Dark-haired, mustachioed, and blessed with a bona fide Maine accent, Phil takes the stage, the first performer of the evening. He reads to us the story he’s written in his black book — a story, as far as I can tell, about a local Red Sox fan who schemes to steal that triumphant team’s trophy when it comes through town (spoiler: fake blood — ketchup — is involved). Phil reads fast; his narrative arc is simple and offers few surprises; the audience, scattered through the North Star Café, seems alternately bewildered, appreciative, and amused.
“Phil is like the unofficial mascot here,” whispers host Nate Amadon, before Phil finishes up, closes his book, and hops off the stage to applause.
Next up is Sean, a young man with an open face, big eyes, and a hip-hop tone — if Phil wasn’t your stereotypical spoken-word performer (bespectacled, patchouli-doused), neither is Sean. He blasts his way through three pieces about poverty, classism, and hating George Bush; he finishes with the soft admission that he feels safe in his woman’s arms. The audience is stunned silent — until they clap wildly when he’s done.
Such is the start of a Tuesday night at the North Star Café, where Amadon, Port Veritas (the word-arts group he co-founded), and other local spoken-word/poetry enthusiasts have reincarnated the tradition that once thrived in Portland — first at The Skinny and Geno’s, and then at Acoustic Coffee (after a short-lived, ill-advised stint at the Alehouse), before that establishment closed its doors at the beginning of 2007. In fact, the open mic night is popping up all over — Slainte, Threeways, the Big Easy, and Dogfish Bar and Grille all have their own versions, in addition to the North Star — and modest (but not meager) crowds are attending.
“Some are writers who won’t tell you,” says Gil Helmick, who helps to organize the nights at the North Star, of the audience members and performers. “Some are writers who will tell you too often” — we’ve all met those — but most of all, Helmick sees evidence of “talent, energy, openness, and eagerness.”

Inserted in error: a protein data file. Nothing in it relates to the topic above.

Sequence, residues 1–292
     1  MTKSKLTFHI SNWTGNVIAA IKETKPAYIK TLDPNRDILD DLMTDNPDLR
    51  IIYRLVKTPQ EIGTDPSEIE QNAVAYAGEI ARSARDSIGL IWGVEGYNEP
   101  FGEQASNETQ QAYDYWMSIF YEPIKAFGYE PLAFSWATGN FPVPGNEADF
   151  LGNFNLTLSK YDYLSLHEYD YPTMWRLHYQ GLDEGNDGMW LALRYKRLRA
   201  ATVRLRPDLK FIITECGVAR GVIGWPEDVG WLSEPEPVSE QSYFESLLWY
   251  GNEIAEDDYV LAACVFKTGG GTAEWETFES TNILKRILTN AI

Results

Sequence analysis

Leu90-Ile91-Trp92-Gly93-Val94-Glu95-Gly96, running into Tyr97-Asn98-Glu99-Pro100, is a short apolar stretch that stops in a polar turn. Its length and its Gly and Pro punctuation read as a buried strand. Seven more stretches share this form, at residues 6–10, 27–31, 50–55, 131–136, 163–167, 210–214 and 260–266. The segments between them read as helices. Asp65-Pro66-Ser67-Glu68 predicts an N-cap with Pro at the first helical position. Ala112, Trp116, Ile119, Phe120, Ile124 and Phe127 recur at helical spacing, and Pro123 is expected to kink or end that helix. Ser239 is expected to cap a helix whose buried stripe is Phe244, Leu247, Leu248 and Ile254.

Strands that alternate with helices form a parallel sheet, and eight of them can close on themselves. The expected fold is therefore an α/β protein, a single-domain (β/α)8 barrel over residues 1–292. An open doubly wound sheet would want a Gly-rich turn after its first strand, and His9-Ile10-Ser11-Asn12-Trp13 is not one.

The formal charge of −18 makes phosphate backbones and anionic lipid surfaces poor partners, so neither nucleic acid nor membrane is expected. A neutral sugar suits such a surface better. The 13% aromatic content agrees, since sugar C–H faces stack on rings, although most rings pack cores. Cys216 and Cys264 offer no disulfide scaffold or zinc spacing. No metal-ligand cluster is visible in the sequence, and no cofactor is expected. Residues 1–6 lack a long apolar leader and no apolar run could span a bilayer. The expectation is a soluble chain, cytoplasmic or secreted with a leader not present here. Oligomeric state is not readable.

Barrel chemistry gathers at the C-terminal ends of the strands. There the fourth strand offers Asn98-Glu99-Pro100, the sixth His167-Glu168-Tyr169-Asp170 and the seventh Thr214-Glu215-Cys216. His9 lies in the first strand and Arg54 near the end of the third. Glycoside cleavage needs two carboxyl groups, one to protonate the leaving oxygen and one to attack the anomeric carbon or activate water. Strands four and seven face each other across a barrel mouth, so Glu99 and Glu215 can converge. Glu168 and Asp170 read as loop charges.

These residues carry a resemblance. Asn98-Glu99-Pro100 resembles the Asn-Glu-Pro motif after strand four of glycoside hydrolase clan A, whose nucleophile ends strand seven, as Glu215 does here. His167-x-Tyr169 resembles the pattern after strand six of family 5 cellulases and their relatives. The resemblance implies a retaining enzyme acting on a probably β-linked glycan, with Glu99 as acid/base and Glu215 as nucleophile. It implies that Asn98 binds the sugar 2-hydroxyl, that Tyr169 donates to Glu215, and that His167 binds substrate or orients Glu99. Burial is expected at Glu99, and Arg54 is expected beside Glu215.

“It’s people expressing what’s in their souls,” says Marie Villanucci, 52, an audience member who shyly admits that she’s a “closet writer.” Getting up on stage, she adds, takes “amazing bravery” — which she has yet to muster.
But David Viney, a goateed 20-year-old from Scarborough, thrives on sharing his work with others. “To express yourself in front of the crowd is like relief for me,” says Viney, who speaks regularly at North Star Tuesdays.
Part of the draw, for performers and spectators alike, is the diversity of forms that the open mic can take. Many focus on acoustic music; the Big Easy’s Monday events are specifically called “hip-hop open mics;” there’s the Second Tuesday Slam at the North Star, where poet-participants compete in three rounds for “$10, a Twinkie, the championship belt ... and a chance to go to the National Poetry Slam Championship in 2008.” Helmick also helped launch the first Tuesday Speaking Jazz Series at the North Star, at which local jazz musician Jesse Lynch performs spontaneous musical improvisations with feature acts as well as random open-mic’ers.
“You find some real gems,” Helmick says. “They run the gamut from people who come out of nowhere and take your breath away, to people who should be saving this for a group therapy session.”
But then, isn’t that part of the allure?